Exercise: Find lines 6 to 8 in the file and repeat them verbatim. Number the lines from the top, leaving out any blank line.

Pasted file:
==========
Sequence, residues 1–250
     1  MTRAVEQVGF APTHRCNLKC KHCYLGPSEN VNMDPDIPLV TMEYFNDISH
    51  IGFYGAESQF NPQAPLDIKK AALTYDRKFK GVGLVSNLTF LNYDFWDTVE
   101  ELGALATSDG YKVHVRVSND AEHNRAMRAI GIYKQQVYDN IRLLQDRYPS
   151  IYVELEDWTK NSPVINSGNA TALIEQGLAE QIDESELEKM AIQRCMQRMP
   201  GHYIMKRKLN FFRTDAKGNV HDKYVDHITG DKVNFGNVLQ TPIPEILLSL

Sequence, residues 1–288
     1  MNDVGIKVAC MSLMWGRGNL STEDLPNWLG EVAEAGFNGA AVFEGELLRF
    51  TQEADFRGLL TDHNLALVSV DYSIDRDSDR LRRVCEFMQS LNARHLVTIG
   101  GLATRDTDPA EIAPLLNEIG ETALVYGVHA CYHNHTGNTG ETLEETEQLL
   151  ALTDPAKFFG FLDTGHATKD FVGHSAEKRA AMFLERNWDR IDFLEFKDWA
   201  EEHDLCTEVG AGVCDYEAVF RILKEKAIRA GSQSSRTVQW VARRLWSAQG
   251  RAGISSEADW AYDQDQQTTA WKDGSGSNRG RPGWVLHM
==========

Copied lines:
   201  GHYIMKRKLN FFRTDAKGNV HDKYVDHITG DKVNFGNVLQ TPIPEILLSL

Sequence, residues 1–288
     1  MNDVGIKVAC MSLMWGRGNL STEDLPNWLG EVAEAGFNGA AVFEGELLRF